Q. The Federal and Provincial governments have just taken substantial measures to control the contributions to acid rain on our side of the border. What is the United States prepared to do for its part?
The President. The United States is a world leader for a cleaner environment. We take pride that our Clean Air and Clean Water Acts and our other comprehensive environmental legislation have helped to set international standards. We have invested $150 billion—yes, that's billions—under our Clean Air Act, and as a result the air today is cleaner than in many years. Emissions of sulphur dioxide, a major concern, are down nearly 30 percent in the last decade. This trend is continuing: down 10 percent since I became President, including 2 1/2 percent in 1983. We strictly control nitrogen oxides, which come mainly from auto emissions, and their level has also been dropping in recent years. For the future, I believe it is a question of doing what is reasonable and responsible after getting all the facts.
U.S.-Canada Free Trade Agreement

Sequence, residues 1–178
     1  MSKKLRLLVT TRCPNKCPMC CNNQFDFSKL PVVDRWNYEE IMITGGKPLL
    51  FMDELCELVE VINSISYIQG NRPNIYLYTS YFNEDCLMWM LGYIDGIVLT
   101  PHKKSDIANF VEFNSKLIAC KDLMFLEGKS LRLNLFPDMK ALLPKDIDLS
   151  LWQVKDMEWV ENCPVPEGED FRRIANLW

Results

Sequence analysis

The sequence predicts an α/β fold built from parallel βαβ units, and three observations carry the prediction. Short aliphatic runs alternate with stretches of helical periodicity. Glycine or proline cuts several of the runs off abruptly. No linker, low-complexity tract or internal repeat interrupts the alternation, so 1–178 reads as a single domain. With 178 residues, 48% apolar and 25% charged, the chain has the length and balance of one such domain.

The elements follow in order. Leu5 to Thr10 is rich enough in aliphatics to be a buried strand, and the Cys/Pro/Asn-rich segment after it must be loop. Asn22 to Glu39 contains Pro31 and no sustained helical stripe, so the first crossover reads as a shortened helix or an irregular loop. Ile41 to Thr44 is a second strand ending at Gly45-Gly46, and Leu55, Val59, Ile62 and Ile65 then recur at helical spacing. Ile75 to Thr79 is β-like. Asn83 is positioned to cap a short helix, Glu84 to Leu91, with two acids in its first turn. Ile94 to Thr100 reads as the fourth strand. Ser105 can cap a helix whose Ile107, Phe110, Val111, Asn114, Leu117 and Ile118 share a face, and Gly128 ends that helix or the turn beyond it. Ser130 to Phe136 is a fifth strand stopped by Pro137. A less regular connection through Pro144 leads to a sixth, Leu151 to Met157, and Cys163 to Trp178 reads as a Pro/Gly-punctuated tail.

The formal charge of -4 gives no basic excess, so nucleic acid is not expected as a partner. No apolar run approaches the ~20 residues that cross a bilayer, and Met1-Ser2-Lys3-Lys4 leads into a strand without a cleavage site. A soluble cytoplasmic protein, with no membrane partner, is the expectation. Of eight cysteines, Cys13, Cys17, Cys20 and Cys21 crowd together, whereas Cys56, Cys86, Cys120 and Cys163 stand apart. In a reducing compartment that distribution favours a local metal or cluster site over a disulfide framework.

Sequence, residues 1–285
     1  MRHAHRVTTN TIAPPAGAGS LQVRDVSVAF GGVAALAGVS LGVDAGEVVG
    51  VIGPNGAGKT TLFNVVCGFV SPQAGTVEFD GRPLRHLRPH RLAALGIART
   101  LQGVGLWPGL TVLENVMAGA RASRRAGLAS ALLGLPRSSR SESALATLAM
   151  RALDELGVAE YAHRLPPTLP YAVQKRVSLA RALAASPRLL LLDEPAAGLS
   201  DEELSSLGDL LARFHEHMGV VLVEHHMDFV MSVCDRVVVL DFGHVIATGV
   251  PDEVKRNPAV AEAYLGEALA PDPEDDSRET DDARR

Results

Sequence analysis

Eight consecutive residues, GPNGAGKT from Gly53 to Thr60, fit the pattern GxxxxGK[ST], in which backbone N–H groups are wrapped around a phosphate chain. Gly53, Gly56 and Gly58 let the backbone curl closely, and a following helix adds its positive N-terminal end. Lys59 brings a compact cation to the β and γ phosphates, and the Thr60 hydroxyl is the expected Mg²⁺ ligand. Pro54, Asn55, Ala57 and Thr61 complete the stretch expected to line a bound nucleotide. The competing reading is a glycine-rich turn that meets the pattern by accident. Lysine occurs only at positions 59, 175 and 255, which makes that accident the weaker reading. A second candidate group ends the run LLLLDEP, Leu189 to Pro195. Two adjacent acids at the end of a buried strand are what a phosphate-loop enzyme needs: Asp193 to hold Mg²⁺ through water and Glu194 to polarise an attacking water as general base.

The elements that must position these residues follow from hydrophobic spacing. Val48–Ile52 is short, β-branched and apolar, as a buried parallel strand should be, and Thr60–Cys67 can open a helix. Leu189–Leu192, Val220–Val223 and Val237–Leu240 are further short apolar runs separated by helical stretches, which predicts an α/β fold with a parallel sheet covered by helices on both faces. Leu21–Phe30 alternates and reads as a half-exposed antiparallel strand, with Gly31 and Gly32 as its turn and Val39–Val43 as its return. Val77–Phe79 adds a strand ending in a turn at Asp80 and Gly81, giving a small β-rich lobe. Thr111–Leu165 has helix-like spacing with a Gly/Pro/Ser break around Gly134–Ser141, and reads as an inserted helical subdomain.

Q. What do you think the prospects are for negotiating a free trade agreement with Canada during your second term? Will the obstacles come from Congress or from Canadian nationalists?
The President. As I understand it, the Canadian Government is reviewing its trade policy right now and hasn't yet decided whether to propose any negotiations. In our Congress, I believe there is a deep-seated appreciation that trade between the United States and Canada—the largest trade volume between any two countries on Earth—is beneficial to both countries and should be fostered. Of course, there are sensitive trade areas, and the Congress would want to be sure that any new bilateral understanding is in the interest of the United States—so would I, and I'm sure Canada would do the same.